Röhn, T. A., Wagenknecht, B., Roth, W., Naumann, U., Gulbins, E., Krammer, P. H., Walczak, H., & Weller, M. (2001). CCNU-dependent potentiation of TRAIL/Apo2L-induced apoptosis in human glioma cells is p53-independent but may involve enhanced cytochrome c release. Oncogene, 20(31), 4128-37.
Röhn TA, et al. CCNU-dependent Potentiation of TRAIL/Apo2L-induced Apoptosis in Human Glioma Cells Is P53-independent but May Involve Enhanced Cytochrome C Release. Oncogene. 2001 Jul 12;20(31):4128-37. PubMed PMID: 11464279.
* Article titles in AMA citation format should be in sentence-case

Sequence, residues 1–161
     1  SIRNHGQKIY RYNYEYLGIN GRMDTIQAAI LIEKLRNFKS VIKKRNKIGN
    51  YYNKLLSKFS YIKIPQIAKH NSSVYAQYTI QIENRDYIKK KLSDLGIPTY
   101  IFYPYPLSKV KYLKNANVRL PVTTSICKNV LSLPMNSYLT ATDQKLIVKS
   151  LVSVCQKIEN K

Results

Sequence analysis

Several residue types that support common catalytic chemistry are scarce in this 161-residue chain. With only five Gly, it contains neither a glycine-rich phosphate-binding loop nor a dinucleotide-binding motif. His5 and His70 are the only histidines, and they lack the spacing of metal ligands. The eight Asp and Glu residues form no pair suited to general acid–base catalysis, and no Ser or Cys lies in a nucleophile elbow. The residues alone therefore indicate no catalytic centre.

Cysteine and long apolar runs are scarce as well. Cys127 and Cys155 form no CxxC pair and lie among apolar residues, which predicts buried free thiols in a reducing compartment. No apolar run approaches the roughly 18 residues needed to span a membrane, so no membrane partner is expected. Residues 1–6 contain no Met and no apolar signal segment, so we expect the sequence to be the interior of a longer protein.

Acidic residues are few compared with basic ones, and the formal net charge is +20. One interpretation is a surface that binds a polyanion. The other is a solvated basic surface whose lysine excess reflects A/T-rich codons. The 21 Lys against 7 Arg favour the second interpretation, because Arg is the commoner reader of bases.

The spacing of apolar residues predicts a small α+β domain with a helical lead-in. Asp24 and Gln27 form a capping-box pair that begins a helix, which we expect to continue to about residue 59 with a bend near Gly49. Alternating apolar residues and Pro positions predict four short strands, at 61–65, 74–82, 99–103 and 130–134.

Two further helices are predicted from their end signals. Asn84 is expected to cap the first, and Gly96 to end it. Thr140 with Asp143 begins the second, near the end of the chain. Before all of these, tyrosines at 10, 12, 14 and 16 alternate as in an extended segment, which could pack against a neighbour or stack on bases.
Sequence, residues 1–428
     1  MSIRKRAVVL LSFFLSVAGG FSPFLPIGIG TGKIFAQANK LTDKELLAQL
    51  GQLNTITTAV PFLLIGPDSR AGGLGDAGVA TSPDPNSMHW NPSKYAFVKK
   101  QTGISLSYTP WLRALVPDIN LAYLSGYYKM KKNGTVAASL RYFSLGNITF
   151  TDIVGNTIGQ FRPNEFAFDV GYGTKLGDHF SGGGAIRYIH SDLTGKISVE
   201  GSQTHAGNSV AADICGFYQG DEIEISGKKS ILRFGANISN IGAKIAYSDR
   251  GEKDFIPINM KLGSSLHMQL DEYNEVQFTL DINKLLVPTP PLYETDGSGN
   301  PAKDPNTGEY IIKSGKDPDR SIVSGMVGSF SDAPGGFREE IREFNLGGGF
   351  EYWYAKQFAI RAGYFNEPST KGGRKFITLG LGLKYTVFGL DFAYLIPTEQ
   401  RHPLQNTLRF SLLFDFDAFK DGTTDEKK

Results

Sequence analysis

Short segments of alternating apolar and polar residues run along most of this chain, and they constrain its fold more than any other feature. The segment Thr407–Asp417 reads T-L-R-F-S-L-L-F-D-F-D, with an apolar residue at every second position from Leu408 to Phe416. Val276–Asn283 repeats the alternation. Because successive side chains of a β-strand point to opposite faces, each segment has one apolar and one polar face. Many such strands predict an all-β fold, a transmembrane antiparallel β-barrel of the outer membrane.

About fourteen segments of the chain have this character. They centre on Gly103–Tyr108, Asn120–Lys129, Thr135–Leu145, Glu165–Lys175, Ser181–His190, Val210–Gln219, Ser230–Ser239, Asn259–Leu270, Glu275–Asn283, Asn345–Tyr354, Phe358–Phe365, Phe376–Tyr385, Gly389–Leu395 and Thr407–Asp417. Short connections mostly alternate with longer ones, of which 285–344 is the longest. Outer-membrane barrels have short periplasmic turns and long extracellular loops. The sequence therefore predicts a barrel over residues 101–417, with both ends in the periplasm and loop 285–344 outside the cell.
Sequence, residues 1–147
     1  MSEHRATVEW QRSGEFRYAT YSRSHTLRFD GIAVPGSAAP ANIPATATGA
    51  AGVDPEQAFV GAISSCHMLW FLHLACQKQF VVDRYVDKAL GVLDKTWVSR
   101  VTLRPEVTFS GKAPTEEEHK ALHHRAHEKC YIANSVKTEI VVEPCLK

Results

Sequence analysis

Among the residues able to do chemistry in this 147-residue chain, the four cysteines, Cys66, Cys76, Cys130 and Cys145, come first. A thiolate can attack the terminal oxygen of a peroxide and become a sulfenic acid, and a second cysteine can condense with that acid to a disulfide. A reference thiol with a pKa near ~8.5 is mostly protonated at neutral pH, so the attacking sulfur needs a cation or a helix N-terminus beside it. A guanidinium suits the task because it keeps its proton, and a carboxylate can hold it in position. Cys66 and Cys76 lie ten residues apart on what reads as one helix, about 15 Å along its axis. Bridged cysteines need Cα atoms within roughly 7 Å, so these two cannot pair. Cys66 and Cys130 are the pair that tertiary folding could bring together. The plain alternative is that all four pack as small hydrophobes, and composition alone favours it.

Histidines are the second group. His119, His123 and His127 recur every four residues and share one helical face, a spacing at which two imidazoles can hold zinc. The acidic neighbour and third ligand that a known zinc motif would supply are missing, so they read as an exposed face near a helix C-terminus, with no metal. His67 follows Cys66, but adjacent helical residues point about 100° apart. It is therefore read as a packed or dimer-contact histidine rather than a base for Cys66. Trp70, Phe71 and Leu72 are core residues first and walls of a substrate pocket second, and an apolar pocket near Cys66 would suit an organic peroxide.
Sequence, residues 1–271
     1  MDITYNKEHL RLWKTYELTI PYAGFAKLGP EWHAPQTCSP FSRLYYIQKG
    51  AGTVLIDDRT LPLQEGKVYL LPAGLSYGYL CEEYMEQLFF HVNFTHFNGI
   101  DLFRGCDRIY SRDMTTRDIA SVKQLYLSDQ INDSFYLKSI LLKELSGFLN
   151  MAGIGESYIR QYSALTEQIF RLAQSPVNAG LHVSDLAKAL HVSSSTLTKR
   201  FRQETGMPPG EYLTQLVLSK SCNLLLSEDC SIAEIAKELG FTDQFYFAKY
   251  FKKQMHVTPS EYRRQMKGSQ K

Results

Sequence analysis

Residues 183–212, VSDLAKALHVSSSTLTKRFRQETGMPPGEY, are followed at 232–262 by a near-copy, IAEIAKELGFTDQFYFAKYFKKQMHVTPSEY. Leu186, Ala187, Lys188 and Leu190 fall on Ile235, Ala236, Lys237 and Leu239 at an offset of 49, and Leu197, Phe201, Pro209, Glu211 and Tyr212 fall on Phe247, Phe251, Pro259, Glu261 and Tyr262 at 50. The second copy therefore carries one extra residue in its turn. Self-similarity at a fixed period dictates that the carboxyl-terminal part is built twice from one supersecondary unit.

TY - JOUR T1 - CCNU-dependent potentiation of TRAIL/Apo2L-induced apoptosis in human glioma cells is p53-independent but may involve enhanced cytochrome c release. AU - Röhn,T A, AU - Wagenknecht,B, AU - Roth,W, AU - Naumann,U, AU - Gulbins,E, AU - Krammer,P H, AU - Walczak,H, AU - Weller,M, PY - 2001/01/19/received PY - 2001/02/22/revised PY - 2001/04/10/accepted PY - 2001/7/21/pubmed PY - 2001/8/3/medline PY - 2001/7/21/entrez SP - 4128 EP - 37 JF - Oncogene JO - Oncogene VL - 20 IS - 31 N2 - Death ligands such as CD95 ligand (CD95L) or tumor necrosis factor-related apoptosis-inducing ligand/Apo2 ligand (TRAIL/Apo2L) induce apoptosis in radiochemotherapy-resistant human malignant glioma cell lines. The death-signaling TRAIL receptors 2 (TRAIL-R2/death receptor (DR) 5) and TRAIL-R1/DR4 were expressed more abundantly than the non-death-inducing (decoy) receptors TRAIL-R3/DcR1 and TRAIL-R4/DcR2 in 12 human glioma cell lines. Four of the 12 cell lines were TRAIL/Apo2L-sensitive in the absence of a protein synthesis inhibitor, cycloheximide (CHX). Three of the 12 cell lines were still TRAIL/Apo2L-resistant in the presence of CHX. TRAIL-R2 expression predicted sensitivity to apoptosis. Coexposure to TRAIL/Apo2L and cytotoxic drugs such as topotecan, lomustine (1-(2-chloroethyl)-3-cyclohexyl-1-nitrosourea, CCNU) or temozolomide resulted in synergistic killing. Synergistic killing was more often observed in cell lines retaining wild-type p53 activity (U87MG, LN-229) than in p53 mutant cell lines (LN-18, T98G, U373MG). Drug exposure resulted in enhanced TRAIL-R2 expression, but decreased TRAIL-R4 expression in U87MG cells. Ectopic expression of dominant-negative p53(V135A) abrogated the drug-induced changes in TRAIL-R2 and TRAIL-R4 expression, but had no effect on synergy. Thus, neither wild-type p53 function nor changes in TRAIL receptor expression were required for synergy. In contrast, synergy resulted possibly from drug-induced cytochrome c release from mitochondria, serving as an amplifier of the TRAIL/Apo2L-mediated cascade of caspase activation. These data provide novel insights into the role of the TRAIL/Apo2L system in malignant gliomas and illustrate that TRAIL/Apo2L-based immunochemotherapy may be an effective therapeutic strategy for these lethal neoplasms. SN - 0950-9232 UR - https://www.unboundmedicine.com/medline/citation/11464279/CCNU_dependent_potentiation_of_TRAIL/Apo2L_induced_apoptosis_in_human_glioma_cells_is_p53_independent_but_may_involve_enhanced_cytochrome_c_release_ L2 - https://doi.org/10.1038/sj.onc.1204534 DB - PRIME DP - Unbound Medicine ER -